Although still a very high concern, wildfire potential combined with urban and exurban development can occur on a fairly small geographic area in the northwestern United States, despite widespread concern about their coexistence.

The combination of wildfire with insects and disease affect extensive portions of the forested landscape in the northwestern United States.

The triple threat of wildfire, insects and disease, and urban/exurban development, is not common in the northwestern United States.

The study, Mapping Multiple Forest Threats in the Northwestern United States, was coauthored by PNW Research Station scientists Kline and Kerns; Michelle Day, a Faculty Research Assistant, Oregon State University (OSU); and Roger Hammer, an Associate Professor of Public Policy, at OSU. The USDA Forest Service's Western Wildland Environmental Threat Assessment Center provided funding for the study.

Read it online at
http://www.safnet.org/publications/jof/
Jeff Kline
(541) 758-7776
jkline@fs.fed.us
Becky Kerns
(541) 750-7497
bkerns@fs.fed.us
Roger Hammer
rhammer@oregonstate.edu
(541) 760-1009
Pacific Northwest Research Station/USDA Forest Service
Oregon State University
News & Information
Contact:
Media Assistance:
Sherri Richardson-Dodge
srichardsondodge@fs.fed.us
(503) 808-2137
Angela Yeager
angela.yeager@oregonstate.edu
541-737-0784
The Pacific Northwest Research Station is headquartered in Portland, Oregon. It generates and communicates scientific knowledge that helps people make informed choices about natural resources and the environment. The station has 11 laboratories and centers located in Alaska, Oregon, and Washington and about 400 employees.

About the OSU College of Liberal Arts:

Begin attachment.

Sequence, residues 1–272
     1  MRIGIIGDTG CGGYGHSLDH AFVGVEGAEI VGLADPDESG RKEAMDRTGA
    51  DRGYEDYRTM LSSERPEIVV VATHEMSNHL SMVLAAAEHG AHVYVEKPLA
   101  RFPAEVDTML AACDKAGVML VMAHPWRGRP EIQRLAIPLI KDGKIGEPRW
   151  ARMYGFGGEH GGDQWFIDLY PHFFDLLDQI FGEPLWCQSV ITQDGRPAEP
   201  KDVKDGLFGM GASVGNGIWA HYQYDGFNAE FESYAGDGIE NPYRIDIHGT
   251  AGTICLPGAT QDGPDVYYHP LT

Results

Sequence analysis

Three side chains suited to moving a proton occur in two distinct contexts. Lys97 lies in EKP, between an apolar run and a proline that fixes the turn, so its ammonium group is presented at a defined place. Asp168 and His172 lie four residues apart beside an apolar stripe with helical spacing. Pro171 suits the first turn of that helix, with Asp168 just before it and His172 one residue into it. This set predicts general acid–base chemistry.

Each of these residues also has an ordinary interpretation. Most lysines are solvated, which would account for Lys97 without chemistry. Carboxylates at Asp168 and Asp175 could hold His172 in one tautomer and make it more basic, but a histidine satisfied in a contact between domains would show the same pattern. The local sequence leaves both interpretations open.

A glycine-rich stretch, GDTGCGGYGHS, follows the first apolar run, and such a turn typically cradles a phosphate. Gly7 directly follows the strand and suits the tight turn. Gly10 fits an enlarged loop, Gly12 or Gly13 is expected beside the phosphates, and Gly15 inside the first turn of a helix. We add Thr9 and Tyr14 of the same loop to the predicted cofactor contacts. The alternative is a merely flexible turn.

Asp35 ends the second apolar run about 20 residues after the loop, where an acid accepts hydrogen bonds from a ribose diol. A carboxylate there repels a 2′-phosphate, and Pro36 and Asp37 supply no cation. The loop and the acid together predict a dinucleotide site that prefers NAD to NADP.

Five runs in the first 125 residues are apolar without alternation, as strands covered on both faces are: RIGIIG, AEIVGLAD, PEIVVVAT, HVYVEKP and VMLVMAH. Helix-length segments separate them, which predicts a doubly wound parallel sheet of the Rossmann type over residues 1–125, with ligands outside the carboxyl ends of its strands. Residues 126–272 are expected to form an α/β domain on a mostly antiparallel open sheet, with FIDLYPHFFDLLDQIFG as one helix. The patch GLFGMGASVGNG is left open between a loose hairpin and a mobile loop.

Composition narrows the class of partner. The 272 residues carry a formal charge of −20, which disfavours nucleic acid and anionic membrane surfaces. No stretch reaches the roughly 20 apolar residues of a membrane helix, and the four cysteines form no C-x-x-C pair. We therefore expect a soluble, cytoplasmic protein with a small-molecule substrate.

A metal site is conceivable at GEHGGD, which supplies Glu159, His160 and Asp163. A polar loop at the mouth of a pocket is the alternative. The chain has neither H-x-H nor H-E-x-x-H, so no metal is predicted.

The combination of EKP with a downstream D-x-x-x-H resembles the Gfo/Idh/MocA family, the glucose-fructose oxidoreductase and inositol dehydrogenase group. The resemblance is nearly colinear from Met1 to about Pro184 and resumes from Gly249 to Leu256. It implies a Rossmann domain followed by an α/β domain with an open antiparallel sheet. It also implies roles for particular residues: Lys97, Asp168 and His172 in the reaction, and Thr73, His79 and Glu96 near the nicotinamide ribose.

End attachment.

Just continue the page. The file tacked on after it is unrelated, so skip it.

The College of Liberal Arts includes the fine and performing arts, humanities and social sciences, making it one of the largest and most diverse colleges at OSU. The college's research and instructional faculty members contribute to the education of all university students and provide national and international leadership, creativity and scholarship in their academic disciplines.

Sherri Richardson-Dodge | EurekAlert!
Further information:
http://www.fs.fed.us

More articles from Studies and Analyses:

nachricht Real-time feedback helps save energy and water
08.02.2017 | Otto-Friedrich-Universität Bamberg

nachricht The Great Unknown: Risk-Taking Behavior in Adolescents
19.01.2017 | Max-Planck-Institut für Bildungsforschung

All articles from Studies and Analyses >>>

The most recent press releases about innovation >>>

Die letzten 5 Focus-News des innovations-reports im Überblick:

Im Focus: Breakthrough with a chain of gold atoms

In the field of nanoscience, an international team of physicists with participants from Konstanz has achieved a breakthrough in understanding heat transport